The path to zero greenhouse gas emissions by 2050 and the intermediate steps already planned and to be foreseen must also apply to buildings, which are now responsible for about 40% of world energy emissions.
The reduction of emissions produced by buildings (decarbonisation) is based on five main components: electrification, efficiency optimization, use of home automation and digitalisation technologies, presence of renewable sources or connection to them, adequate design referring to the entire life cycle .
This path is generally linked to the disposal of gas, and usually also allows collateral benefits such as an increase in the value of buildings, resistance over time, more comfortable spaces, improvement of indoor and outdoor air quality and public health.
An important contribution to this path can be expected from the activation of renewable energy communities: groups of citizens who produce, distribute and share clean and renewable energy to limit energy waste, share energy at advantageous prices and reduce CO2 emissions. Such communities are spreading significantly and by 2050 it is estimated that 264 million European citizens will enter the energy market as prosumers and generate around 45% of total renewable electricity.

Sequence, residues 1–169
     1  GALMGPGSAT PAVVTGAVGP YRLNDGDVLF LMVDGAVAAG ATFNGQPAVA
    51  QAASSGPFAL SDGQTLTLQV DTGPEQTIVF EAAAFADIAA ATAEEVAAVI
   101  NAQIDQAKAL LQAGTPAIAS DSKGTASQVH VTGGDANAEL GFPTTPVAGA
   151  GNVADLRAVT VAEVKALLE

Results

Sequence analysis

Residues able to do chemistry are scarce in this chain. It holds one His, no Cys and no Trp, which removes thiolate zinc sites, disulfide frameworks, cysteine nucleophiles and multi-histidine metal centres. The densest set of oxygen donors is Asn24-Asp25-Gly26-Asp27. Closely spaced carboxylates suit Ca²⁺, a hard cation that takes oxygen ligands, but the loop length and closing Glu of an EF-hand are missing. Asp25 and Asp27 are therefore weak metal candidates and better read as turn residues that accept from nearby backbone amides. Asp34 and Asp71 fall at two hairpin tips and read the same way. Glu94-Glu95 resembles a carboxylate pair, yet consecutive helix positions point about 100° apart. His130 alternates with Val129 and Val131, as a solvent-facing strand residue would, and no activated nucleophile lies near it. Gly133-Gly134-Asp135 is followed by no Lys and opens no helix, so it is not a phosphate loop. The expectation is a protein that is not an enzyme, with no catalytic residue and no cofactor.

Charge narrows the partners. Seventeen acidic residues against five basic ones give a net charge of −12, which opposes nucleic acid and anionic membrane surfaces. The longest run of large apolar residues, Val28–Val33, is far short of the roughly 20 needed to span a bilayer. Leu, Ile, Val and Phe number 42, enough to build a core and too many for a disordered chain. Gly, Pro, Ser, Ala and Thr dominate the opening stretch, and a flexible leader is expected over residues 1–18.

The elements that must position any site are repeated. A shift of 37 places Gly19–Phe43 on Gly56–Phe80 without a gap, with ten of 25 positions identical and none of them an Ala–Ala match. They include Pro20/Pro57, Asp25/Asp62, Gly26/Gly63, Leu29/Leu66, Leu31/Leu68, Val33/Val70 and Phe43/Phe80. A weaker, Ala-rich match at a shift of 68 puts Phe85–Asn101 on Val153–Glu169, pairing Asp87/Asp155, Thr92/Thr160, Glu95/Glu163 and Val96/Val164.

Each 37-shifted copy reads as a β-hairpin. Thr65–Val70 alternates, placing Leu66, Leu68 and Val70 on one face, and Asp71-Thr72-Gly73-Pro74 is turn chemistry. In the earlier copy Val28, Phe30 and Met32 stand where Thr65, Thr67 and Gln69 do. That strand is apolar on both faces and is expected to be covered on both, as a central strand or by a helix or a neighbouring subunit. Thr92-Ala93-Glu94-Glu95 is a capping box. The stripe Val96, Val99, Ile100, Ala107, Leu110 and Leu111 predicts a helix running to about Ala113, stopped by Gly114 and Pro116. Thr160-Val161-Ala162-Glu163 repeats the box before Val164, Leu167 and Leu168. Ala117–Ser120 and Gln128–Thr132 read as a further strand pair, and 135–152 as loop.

At least a quarter of building emissions are those associated with construction materials and processes in the building's life cycle: embedded carbon with a reduction potential of 25% to 45% with an additional cost of less than 1%.
To reduce the emissions generated by the construction and operation of a building, the best opportunity is a pre-construction project including a life cycle analysis, with which:
reduce overall future emissions;
acquire the characteristics for certifications (eg BREEAM, EDGE, LEED, Green Building Council, Zero Carbon);
anticipate upcoming regulations related to requirements such as carbon tax, legal requirements for buildings, green purchasing policies, development incentives and other regulatory mechanisms;
anticipate upcoming market scenarios in which these characteristics will allow the property to maintain or increase its value over time.
Almost all of the remaining part of the emissions relates to the operating phase of the building, for which suitable paths can be created to minimize both emissions and utility costs.